Poor Pakku. It’s hard to realize that you are not in fact a god.
I’ve been doing features of new Spider Forest members this past month. Today I wanted to highlight a comic that I was introduced to this past season that I thought was something special, and I wanted to share it with you.
The Blue Valkyrie is a superhero comic created by Emily Riesbeck and David Mitchell. Chloe Ritter didn’t know she had any special powers, but when a meeting with an old acquaintance takes a traumatic turn, strange abilities manifest in her defense. Shaken by the experience, Chloe works to find a new equilibrium, defining herself beyond the trauma she’s experienced and the strangeness of these powers that she is still learning to control. As corporate interests begin to clash with local activists and more people develop strange abilities of their own, Chloe takes on the mantle of local super hero to face the rapid changes turning her city upside down.
The writer is a queer trans woman and the story features trans and queer characters. Chloe is trans, and her relationship with Alice is one of my favorite parts of the story. I love how being different from what some folks consider “normal” is treated as an asset in accepting and embracing change. It’s far more than just “not broken,” but in fact part of an active good that empowers the characters to see hope in their situation. “I know this is weird and freaky and scary, but if anyone can handle it, it’s us.”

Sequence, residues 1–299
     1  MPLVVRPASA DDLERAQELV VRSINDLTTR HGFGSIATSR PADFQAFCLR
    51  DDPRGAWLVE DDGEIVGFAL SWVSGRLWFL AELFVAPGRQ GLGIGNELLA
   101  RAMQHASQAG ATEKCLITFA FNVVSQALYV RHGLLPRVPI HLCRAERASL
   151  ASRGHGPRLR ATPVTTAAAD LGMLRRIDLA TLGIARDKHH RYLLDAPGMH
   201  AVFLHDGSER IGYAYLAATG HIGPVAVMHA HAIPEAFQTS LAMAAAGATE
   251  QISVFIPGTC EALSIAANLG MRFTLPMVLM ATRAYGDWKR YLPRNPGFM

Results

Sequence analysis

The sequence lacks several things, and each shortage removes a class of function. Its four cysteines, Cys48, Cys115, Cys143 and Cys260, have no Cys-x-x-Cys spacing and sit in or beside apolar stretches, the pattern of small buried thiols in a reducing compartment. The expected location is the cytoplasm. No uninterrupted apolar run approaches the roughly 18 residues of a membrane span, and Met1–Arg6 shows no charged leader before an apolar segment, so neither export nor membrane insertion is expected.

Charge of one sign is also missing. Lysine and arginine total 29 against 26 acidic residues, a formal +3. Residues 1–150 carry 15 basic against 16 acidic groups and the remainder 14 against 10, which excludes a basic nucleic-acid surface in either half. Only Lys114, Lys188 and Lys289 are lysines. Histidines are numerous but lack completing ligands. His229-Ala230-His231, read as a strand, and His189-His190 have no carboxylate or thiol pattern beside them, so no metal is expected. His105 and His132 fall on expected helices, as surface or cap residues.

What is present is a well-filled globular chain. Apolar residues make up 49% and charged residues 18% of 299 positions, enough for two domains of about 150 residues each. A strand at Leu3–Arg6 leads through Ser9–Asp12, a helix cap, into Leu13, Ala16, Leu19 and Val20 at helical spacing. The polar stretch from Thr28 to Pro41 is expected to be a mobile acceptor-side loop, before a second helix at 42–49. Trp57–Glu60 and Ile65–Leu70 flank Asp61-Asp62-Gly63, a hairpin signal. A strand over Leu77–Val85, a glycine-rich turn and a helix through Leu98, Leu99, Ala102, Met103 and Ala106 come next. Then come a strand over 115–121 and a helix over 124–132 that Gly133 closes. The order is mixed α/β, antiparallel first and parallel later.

I will say that there are triggering aspects of this comic. The first chapter has an assault. Super-powers activated by trauma is a well-worn trope of the superhero genre, and there is a case to be made for that having troubling implications. With that said, I found the treatment of this piece very respectful and well done. The assault itself is not exploitative or gratuitous in its portrayal. Often when people write this kind of material, there’s a strange sort of…disturbing revelry in it. This scene is not written that way. It’s an unwanted kiss, the kind of thing that many people would even dismiss as “not really an assault” because it’s “not bad enough to count.” Except that it does count. It is a valid experience and a part of a larger problem in our culture. Something that seems exceptionally valid so soon after the #MeToo stuff that’s been going around in social media lately. I lost count of how many of the folks I followed shared an account very similar to what happens to Chloe. It feels very real and honest, not manufactured for the sake of “maximum drama.”
So I appreciated that this comic acknowledged that, yes, this is really an assault, and it does cause a lot of psychological damage. Damage that Chloe works through, in a process that I myself found very similar to what I went through in transitioning mentally from shock, to accepting the idea of being a victim, to moving beyond victim to survivor. To defining one’s self beyond that experience. To acknowledge that it leaves scars that cannot be undone, but that a person can grow beyond. Can perhaps even gain new perspective. It’s not exactly turning a traumatic experience into a positive one, but instead finding some value in a horrible experience. I really appreciated how all of this was handled and I cannot think of any story that’s handled such material better than The Blue Valkyrie.
If you’re a fan of superhero stories, but are looking for something a little different than the typical cis-white-male lens that tends to dominate the genre, I’d recommend giving this story a look!